saturday light reading…
…from the people at Motley Fool: Risk, Uncertainty & Reward by Frank H. Knight, Ph. D., then Associate Professor of Economics in the state university of Iowa. Copy right 1921.
notes on the forward by the author (1921):
- This book was initially published to compete for a Class A (entries from any American without restriction) prize in a book publisher’s essay contest (in 1917) wherein it achieved for its author the second place prize of $500. It seems uncertain whether it achieved the publisher’s stated intention and drew “the attention of American youth to the study of economic and commercial subjects.” It would seem the publisher managed a little monetization from the contest. In the prior iteration, it sufficed as a doctoral thesis at Cornell in 1916, and was written during 1914-16.
- Chapter 7 was recommended.
- The effort”endeavors to isolate and define the essential characteristics of free enterprise as a system or method of securing and directing coöperative effort in a social group.”
- A premise for endeavoring any projects of “social betterment” is action “in light of a clear understanding of the nature and tendencies of the system which it is proposed to modify or displace.” Simply—never loan your motorbike to a beginner.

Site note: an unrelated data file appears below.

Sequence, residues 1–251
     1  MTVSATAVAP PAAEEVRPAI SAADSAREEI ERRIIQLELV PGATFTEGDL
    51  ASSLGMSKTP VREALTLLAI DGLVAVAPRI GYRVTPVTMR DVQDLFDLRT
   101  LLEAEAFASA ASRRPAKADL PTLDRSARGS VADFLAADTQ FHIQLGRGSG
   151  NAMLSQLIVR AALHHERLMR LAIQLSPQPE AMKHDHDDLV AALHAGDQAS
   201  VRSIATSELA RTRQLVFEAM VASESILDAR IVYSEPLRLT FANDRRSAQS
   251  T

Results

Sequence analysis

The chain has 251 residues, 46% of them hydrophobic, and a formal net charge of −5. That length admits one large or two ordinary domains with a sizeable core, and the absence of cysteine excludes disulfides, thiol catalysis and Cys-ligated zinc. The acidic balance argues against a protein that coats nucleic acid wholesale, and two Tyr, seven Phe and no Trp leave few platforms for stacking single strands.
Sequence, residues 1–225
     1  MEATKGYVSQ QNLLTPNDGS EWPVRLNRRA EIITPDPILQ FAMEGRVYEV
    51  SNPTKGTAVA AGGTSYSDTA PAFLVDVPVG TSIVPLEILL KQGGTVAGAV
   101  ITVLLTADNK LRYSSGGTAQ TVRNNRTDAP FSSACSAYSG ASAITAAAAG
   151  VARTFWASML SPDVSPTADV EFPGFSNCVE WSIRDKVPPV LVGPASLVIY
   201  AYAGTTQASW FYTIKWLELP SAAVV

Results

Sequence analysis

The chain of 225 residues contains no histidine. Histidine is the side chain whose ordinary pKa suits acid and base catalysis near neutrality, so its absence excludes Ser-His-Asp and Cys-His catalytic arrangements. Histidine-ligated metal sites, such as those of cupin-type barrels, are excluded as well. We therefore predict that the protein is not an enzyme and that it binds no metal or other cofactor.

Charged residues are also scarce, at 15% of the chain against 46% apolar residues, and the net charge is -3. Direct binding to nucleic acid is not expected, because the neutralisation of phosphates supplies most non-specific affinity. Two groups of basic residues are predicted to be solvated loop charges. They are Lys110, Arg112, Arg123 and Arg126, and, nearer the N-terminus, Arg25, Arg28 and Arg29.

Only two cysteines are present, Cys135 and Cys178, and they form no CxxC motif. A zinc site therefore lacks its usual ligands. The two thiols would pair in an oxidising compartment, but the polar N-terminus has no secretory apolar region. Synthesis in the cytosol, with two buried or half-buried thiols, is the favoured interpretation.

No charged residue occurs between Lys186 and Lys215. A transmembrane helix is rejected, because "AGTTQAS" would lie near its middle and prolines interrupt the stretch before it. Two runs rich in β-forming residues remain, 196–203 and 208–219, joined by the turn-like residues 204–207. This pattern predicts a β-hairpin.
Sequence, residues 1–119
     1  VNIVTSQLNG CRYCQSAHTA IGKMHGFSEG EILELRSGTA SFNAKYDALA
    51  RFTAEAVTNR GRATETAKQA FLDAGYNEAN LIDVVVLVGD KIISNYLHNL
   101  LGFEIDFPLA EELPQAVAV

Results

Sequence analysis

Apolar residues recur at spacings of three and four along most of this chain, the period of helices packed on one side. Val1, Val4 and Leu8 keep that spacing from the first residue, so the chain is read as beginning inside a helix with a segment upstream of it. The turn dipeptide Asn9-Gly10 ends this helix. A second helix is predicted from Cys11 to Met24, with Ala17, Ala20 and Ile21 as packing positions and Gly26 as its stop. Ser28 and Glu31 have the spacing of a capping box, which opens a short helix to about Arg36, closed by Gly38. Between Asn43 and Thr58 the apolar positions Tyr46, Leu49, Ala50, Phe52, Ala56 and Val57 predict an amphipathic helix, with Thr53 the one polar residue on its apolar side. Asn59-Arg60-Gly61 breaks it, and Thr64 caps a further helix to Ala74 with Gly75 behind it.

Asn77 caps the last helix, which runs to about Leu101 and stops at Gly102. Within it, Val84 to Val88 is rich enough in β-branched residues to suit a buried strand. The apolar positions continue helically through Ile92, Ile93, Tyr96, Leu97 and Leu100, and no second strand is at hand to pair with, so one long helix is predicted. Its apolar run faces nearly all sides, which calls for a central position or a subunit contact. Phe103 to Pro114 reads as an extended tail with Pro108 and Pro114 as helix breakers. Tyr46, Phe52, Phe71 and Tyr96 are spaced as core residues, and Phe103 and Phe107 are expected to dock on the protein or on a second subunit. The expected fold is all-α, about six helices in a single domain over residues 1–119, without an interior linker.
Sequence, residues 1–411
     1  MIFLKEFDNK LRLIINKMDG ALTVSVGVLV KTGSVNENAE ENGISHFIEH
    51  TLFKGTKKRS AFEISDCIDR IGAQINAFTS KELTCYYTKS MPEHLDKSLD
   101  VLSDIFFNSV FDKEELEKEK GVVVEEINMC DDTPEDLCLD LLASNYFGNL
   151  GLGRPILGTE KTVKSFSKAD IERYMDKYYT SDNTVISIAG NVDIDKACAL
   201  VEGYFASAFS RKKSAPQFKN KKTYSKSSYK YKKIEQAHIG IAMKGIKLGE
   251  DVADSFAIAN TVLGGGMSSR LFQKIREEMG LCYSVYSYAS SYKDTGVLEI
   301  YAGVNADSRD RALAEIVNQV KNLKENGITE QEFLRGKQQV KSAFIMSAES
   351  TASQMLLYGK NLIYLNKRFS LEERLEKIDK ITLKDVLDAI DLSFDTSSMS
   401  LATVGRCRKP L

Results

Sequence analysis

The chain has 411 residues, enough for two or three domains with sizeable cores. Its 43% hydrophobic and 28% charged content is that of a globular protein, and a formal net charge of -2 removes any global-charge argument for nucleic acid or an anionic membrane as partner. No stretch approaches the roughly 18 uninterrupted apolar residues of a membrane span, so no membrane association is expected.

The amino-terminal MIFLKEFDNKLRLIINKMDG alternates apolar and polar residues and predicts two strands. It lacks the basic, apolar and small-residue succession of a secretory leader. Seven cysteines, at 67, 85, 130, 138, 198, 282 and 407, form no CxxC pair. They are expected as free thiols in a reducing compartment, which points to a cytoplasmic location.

- To achieve the effort under the premise, one must “radically” separate “the description and explanation of phenomena from all questions of defense or criticism of the system under examination.” First describe clearly what occurs. Then solicit defense or criticism as appropriate. This would seem to apply to existing systems one wishes to change, rather than the more significant radical change required to remedy social structures that are broken. If one does not first know the system that exists, one is not qualified to re-engineer it? Simply—intimacy should precede re-engineering.
- An engineer with cohesive knowledge of available systems of organization will make better re-engineering decisions than the technical expert on a single system. Simply—if all ya got is a hammer, everything you see will start to look like a nail.
- “No one mode of organization is adequate or tolerable for all purposes in all fields.” Simply—get clear about your purpose if you expect to avoid pain, and secure pleasure.